In today's society, much emphasis is put on a person's wealth. This love for money can even influence one's desire for another person. Apparently, this was common even years ago. In Washington Square, by Henry James in 1880, as well as the 1949 film, The Heiress, directed by William Wyler, money was of the utmost importance, especially to Morris Townsend.
Young Catherine Sloper (Olivia de Havilland) came from a wealthy family. Her father (Ralph Richardson) was a doctor, and Catherine would one day become heiress to his fortune. Living a life of luxury, what more could a girl want? Catherine's case was an exception, though. Having what seemed to be everything, Catherine was lacking one very important thing-love. Dr. Sloper criticized Catherine, believing she was plain, ugly, and had nothing to offer a man. In reaction to her father's feelings, in the film, Catherine wore nothing but drab, dark-colored dresses, which only added to her simplicity. After years of being degraded by her father, Catherine had little self-esteem, so little she thought no one could ever love her.
When Catherine had concluded that she would be alone forever, Morris Townsend, a strapping, handsome young man, came to town. In the film, he was portrayed in by Montgomery Clift in all his glory as the epitome of attractiveness. The two were introduced at a party and instantly became taken with one another. Their courtship was quick, and before too long Morris had asked Catherine to be his wife. Dr. Sloper was against the marriage from day one. Morris had no job, he was aware of Catherine's independent wealth, and Dr. Sloper just knew that this was the only reason he wanted Catherine. However, Catherine had never felt this way before about herself, or a man, and she did not want to believe that Morris' feelings were the product of greed. He made her feel beautiful and smart. She just knew this love was real!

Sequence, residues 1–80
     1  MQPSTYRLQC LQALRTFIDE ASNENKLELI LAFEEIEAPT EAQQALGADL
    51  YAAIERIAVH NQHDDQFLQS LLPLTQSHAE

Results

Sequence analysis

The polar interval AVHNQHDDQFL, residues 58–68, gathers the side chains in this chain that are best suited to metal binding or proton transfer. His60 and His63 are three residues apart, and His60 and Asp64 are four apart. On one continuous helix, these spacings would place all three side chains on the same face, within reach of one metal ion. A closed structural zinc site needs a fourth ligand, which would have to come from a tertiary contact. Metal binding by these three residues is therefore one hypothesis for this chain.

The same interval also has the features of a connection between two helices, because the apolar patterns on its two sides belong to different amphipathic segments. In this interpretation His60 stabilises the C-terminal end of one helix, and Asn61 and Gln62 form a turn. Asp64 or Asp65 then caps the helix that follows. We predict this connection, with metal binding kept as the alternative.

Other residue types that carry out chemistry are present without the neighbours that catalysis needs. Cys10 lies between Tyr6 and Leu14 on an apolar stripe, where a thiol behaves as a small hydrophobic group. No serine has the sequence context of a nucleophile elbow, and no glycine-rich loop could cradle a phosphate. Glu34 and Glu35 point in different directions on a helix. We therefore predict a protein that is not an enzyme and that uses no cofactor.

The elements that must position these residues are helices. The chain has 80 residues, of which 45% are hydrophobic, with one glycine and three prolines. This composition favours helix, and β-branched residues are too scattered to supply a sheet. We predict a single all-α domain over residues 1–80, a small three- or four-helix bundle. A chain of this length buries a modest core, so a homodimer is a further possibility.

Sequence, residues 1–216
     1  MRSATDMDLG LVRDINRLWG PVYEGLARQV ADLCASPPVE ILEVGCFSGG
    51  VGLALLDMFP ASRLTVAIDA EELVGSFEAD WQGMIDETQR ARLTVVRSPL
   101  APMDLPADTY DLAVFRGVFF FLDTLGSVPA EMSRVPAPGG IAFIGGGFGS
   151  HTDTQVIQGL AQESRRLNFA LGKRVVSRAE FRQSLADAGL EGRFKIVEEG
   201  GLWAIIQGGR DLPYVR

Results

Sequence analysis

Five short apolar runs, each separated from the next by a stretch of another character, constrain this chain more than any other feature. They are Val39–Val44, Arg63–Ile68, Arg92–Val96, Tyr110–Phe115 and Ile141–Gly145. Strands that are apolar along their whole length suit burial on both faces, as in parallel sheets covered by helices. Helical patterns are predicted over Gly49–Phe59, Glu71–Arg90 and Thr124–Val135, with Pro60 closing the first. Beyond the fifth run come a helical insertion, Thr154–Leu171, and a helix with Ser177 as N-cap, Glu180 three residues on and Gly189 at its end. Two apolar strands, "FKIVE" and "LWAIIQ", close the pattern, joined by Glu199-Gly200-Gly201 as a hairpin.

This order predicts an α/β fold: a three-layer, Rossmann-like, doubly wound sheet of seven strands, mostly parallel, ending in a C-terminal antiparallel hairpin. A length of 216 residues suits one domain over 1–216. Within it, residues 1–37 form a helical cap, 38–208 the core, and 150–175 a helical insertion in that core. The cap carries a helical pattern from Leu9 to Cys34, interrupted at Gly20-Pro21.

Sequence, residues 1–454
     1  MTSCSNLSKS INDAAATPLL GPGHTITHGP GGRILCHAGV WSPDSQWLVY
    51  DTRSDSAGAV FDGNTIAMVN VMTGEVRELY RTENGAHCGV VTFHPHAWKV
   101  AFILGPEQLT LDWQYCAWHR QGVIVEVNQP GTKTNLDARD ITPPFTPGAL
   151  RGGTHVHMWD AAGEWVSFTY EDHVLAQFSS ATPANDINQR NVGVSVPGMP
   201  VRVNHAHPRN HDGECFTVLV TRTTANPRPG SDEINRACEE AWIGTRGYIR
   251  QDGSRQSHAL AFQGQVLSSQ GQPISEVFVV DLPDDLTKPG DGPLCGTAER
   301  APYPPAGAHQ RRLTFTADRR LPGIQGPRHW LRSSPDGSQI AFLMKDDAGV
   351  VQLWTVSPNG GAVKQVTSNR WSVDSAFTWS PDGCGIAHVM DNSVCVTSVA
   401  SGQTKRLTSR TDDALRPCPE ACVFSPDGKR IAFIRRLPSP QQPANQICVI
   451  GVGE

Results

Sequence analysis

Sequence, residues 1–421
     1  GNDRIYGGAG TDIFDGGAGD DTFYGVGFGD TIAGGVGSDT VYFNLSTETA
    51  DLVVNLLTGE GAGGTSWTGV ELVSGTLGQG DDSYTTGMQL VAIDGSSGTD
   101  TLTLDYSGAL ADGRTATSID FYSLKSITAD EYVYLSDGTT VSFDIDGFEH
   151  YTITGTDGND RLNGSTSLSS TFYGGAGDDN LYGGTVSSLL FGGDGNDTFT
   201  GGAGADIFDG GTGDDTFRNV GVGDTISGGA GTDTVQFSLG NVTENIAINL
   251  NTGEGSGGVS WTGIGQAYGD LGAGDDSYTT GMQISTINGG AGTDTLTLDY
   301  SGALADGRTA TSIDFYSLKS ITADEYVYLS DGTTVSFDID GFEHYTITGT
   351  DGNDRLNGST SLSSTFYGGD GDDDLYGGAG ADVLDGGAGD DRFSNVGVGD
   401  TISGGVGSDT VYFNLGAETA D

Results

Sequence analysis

After Dr. Sloper was notified of his daughter's engagement, he informed Catherine that she would be disinherited if she went through with the wedding. Catherine accepted this consequence and continued to see Morris. On the night Morris and Catherine were to elope, Catherine told Morris of her father's wishes. Hours later, Morris had disappeared, leaving Catherine heartbroken in the moonlight. The look on her face, in the film, as she waited on the front steps for him was priceless. Catherine's heart truly was crushed.
Obviously, once the money was out of the picture, Morris had no use for Catherine. He was not in love with her but instead in love with the money attached to her. What Morris neglected to realize was that Catherine and her inheritance were a complete package. He could not have one without the other.
Not only did Morris lose his opportunity to attain a huge fortune, but he also lost his opportunity to hold the most precious jewel of all-Catherine! Love comes in all shapes, sizes, colors, and tax brackets! One can live in a rickety shack and be just as happy as the couple in the elaborate mansion, as long as one has love. Let the love come first; and, if the love happens to come along with a multi-million dollar corporation attached, then I guess one hits the jackpot! One should just do not make the same mistake as Morris. One should take off one's blinders and see the real person. It might just be worth the money!